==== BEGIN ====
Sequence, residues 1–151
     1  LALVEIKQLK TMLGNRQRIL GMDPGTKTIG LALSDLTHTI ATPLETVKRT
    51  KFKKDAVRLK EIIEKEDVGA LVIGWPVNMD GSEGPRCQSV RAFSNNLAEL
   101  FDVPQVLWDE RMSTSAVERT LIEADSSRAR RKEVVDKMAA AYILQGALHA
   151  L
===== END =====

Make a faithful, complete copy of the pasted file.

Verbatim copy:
Sequence, residues 1–151
     1  LALVEIKQLK TMLGNRQRIL GMDPGTKTIG LALSDLTHTI ATPLETVKRT
    51  KFKKDAVRLK EIIEKEDVGA LVIGWPVNMD GSEGPRCQSV RAFSNNLAEL
   101  FDVPQVLWDE RMSTSAVERT LIEADSSRAR RKEVVDKMAA AYILQGALHA
   151  L